A world order governed by the rule of law is the mainstay of the West’s claim to leadership. A host of institutions, topped by the UN itself, lend this principle material form. But what is the juridical nature of international law? History, theory and practice of a powerful hegemonic instrument.
Engagement with the recent work of leading American socialist feminist Nancy Fraser, drawing out continuities between Cannibal Capitalism’s multi-dimensional account of the present conjuncture—encompassing crises of capitalist accumulation, gendered social reproduction, global warming and democratic politics—and Fraser’s earlier theses on recognition, redistribution and representation.
What light do the contradictions of Democratic climate policy throw on the situation of American capitalism today? In reply to Riley and Brenner’s ‘Seven Theses’ (NLR 138), positing a post-growth regime of accumulation with bitterly divided zero-sum politics, Battistoni and Mann see a flawed attempt at a green-growth strategy, its lopsided logic exemplified in the current autoworkers’ strike.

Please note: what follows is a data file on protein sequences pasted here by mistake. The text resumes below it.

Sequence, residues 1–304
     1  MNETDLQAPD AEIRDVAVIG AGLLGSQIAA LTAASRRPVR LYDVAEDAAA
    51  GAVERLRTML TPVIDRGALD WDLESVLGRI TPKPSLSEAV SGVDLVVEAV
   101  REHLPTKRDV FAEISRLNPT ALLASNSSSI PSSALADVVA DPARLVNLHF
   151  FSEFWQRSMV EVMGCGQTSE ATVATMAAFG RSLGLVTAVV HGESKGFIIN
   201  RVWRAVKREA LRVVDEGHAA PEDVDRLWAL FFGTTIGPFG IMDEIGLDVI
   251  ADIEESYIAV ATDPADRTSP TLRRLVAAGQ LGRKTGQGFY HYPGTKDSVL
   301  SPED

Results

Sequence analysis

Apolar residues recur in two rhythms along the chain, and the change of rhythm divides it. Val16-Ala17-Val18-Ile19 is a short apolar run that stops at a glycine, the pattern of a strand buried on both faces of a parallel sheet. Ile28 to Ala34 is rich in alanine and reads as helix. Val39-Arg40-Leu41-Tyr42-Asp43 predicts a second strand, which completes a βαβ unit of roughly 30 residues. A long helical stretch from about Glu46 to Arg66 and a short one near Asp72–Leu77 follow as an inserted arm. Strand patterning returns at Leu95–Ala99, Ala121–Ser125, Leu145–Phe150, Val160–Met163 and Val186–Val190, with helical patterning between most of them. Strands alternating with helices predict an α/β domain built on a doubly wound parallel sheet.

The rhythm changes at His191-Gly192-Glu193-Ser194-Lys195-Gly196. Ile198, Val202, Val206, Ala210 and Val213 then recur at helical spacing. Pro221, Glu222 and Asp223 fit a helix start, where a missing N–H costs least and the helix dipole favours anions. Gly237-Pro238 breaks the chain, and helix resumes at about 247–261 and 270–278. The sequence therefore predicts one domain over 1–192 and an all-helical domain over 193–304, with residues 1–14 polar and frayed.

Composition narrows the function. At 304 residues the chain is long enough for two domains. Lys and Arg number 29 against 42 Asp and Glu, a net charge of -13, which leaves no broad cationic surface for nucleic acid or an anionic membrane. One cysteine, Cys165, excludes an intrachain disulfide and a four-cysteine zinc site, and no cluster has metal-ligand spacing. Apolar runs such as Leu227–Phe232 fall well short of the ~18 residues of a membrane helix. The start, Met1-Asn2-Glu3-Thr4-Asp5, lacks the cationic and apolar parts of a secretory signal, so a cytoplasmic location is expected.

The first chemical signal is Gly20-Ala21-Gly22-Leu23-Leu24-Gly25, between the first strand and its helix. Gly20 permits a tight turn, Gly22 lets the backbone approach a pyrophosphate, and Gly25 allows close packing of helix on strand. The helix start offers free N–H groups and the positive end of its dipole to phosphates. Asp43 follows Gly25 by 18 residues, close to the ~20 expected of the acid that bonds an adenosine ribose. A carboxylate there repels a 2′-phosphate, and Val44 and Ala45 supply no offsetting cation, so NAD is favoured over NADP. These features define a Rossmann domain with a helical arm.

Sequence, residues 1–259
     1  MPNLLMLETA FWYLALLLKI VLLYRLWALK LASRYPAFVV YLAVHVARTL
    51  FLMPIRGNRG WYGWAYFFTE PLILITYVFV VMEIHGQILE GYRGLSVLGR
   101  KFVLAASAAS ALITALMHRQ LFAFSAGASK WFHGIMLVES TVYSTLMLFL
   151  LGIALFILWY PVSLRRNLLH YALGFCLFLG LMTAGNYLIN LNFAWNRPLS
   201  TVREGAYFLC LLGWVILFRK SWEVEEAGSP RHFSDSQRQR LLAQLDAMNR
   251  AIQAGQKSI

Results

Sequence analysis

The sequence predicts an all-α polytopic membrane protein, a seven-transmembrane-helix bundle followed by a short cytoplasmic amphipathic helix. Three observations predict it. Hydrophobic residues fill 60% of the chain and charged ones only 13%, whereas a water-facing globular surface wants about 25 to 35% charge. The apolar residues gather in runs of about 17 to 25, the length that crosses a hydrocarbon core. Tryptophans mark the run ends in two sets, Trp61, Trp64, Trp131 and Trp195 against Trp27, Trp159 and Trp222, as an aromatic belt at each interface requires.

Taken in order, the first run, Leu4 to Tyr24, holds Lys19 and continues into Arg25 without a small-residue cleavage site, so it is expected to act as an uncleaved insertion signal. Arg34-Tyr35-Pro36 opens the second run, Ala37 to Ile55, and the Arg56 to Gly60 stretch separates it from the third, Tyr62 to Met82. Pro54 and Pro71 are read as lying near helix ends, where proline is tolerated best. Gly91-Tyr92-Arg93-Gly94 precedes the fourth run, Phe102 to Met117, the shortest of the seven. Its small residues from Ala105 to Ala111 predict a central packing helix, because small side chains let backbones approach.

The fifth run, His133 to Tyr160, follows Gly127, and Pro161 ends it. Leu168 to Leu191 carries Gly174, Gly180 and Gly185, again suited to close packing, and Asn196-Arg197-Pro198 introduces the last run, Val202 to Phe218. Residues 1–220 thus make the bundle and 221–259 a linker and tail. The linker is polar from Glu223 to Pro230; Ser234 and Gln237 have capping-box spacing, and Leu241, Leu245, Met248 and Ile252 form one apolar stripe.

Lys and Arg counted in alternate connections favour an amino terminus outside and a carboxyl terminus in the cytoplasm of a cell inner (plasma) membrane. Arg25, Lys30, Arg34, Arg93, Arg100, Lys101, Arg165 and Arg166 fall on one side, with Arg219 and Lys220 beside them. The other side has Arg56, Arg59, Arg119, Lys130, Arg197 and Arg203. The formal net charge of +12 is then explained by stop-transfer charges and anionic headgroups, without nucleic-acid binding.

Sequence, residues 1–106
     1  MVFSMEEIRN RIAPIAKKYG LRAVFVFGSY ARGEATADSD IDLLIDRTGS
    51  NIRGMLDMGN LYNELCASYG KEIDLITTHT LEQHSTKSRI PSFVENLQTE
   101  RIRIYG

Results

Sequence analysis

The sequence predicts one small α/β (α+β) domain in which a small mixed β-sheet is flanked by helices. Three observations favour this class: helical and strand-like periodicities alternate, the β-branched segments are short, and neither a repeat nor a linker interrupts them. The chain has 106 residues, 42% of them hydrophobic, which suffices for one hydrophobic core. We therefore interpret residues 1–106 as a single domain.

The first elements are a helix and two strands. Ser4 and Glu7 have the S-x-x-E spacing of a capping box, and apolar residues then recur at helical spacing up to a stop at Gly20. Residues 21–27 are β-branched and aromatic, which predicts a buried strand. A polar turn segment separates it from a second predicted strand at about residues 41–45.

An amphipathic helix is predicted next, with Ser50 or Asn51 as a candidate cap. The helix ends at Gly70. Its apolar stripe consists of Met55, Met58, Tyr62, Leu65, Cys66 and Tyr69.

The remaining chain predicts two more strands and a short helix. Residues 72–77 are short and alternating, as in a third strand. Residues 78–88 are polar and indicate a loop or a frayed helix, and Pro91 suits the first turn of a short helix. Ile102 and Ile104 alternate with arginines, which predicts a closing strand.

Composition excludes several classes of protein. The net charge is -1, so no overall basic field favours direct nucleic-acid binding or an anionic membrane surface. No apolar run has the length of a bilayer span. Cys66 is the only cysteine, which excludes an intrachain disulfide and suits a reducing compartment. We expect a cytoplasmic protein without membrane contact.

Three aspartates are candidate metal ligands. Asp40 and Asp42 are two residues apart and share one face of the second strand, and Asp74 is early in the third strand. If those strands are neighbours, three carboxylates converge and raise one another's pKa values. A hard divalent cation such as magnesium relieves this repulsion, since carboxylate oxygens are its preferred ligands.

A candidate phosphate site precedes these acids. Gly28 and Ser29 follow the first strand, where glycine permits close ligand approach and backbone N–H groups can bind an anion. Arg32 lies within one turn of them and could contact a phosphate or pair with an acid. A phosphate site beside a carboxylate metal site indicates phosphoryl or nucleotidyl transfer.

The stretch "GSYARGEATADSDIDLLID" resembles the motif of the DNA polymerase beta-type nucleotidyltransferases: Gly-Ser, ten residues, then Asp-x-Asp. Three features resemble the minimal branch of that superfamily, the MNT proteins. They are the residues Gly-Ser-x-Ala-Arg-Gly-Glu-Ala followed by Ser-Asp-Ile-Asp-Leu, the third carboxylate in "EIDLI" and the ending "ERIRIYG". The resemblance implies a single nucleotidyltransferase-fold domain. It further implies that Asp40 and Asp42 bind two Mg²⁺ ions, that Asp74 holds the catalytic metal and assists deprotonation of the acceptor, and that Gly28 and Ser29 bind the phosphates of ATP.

Exploration of the oeuvre of Ci Jiwei, one of the most original social theorists of the contemporary Chinese world. Diagnostics of national consciousness, from Maoist utopianism to a nihilism numbed by consumerist hedonism. Might rising living standards—and the ‘equality of conditions’ already achieved by the Revolution—engender a Polanyian semi-democratization, in the Party’s own interest?
In a striking contribution to the debate on secular stagnation, Nic Johnson examines the longue durée tendency of the rate of interest to fall. From the emergence of public debt in early-modern Europe to the faltering of investment and near-zero or negative real interest rates, running below the rate of inflation. A case for socializing the deployment of capital?
Dylan Riley on Martin Wolf, The Crisis of Democratic Capitalism. The FT’s chief economics commentator blames the imbalances of rentier capitalism, not global trade, for political disaffection with ruling elites.
Christoph Schuringa on Peter Dews, Schelling’s Late Philosophy in Confrontation with Hegel. Lucid study of the relationship between two titanic philosophical systems.